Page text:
Stick to what works for the children, for the parents and for you!

 

Sunnyday

Edited by sunnyday
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One of the schools I work with have the first 15 minutes of every day as a time when parents come into class and listen to their child read/read to their child or do an activity or whatever is appropriate. This happens from Nursery to Year 6! I have to say that observing the start of school is wonderful - it is calm and quiet and children start their day ready to learn. In these days when parents seem to have less and less time this provides a good opportunity for quality time and engagement as well as promoting positive relationships with parents.

But each school is different and approaches parental partnerships in different ways. I would say that it is vital to build positive relationships from day one and encourage places to find ways that work for them.

Often we are so quick to chase parents out of the classroom and then wonder why we struggle to get them involved or supportive later on!

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Thank you for your replies - I was worried as I like this way of working and really dont want it to change. feel better now about arguing my corner and sticking up for what I think is right!

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Thank you for your replies - I was worried as I like this way of working and really dont want it to change. feel better now about arguing my corner and sticking up for what I think is right!

 

Absolutely!!!

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I am about to encourage parents to come in for 10-15 mins to drop of children! I wanted this to be a sharing time for children to share learning journeys and parents to add to these whenever they feel necessary. It is also a time for me to get to know parents rather than seeing them from a distance as they are afterall child's first teacher!! Good to hear others feel the same.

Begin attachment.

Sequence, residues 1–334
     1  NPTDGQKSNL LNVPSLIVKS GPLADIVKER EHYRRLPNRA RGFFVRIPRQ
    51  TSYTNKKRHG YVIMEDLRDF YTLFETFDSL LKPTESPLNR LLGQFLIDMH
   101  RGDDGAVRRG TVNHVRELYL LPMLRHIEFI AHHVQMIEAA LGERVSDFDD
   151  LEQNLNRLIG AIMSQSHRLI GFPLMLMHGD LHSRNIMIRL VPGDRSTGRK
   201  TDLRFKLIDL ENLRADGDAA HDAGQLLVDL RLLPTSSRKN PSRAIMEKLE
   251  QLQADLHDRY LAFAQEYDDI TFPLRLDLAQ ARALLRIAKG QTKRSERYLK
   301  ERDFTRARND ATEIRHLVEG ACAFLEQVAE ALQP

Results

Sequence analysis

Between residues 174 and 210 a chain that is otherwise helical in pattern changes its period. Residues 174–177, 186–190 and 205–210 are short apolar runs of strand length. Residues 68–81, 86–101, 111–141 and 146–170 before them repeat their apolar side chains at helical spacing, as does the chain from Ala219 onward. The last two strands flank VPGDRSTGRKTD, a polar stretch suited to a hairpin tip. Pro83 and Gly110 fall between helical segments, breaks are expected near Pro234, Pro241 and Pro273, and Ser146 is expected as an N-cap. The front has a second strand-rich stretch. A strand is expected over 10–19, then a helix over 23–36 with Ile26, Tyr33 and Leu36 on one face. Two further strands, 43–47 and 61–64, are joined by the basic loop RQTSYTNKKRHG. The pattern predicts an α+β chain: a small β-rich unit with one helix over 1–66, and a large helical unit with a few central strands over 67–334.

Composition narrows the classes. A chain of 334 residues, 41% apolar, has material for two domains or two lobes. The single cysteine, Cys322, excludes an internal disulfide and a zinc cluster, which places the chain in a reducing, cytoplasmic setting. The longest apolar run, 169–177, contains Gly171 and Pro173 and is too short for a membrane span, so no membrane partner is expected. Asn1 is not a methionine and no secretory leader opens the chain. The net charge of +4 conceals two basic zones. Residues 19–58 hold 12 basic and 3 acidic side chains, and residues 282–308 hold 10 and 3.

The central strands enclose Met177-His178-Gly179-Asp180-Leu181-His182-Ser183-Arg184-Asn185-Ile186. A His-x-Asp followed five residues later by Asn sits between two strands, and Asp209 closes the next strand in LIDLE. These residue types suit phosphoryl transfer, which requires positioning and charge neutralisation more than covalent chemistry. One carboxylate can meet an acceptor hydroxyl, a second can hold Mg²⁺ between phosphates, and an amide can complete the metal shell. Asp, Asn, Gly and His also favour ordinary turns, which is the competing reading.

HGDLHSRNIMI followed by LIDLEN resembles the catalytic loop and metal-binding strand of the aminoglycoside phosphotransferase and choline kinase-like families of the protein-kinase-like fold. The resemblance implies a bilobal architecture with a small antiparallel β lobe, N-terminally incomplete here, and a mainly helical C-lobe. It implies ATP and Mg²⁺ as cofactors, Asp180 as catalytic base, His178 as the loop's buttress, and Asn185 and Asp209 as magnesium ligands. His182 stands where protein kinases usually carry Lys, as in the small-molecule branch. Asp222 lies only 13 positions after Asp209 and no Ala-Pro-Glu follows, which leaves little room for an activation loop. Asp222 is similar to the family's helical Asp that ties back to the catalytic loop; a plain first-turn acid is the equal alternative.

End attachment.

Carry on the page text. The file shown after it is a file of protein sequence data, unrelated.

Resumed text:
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If you look at the EYFS section about parents as partners this is where it all begins. Building up relationships with the parents in an informal way like you do is worth it. They will feel comfortable about coming into school for other things- parental involvement is so important!. Take a look at some of the research to back up your arguments- also the PEAL site where they are looking at ways settings can encourage parents to come in- stick to your guns!!

 

PEAL

 

EYFS

 

:o

Edited by surfer
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We've always had parents coming in with their children - although some children come with before school club and just come in on their own, a few others have started coming in on their own (mums have said they have asked to do this), lots more mums/dads/grans come in - we're always available for a chat, to share news with parents or who ever drops them off. Some parents want to chat more than others, some parents just want to come in and do an activity with their child before they leave. If it works for you, why change it? As everyone says, children are quite sensible and see coming into Y1 on their own as part of them getting bigger/more grown up. If you change things you may find children being upset - I'd certainly worry about children being expected to come in from day 1 on their own - though some children of course will be able to do this! This most important thing is that the children are happy and confident in coming into school.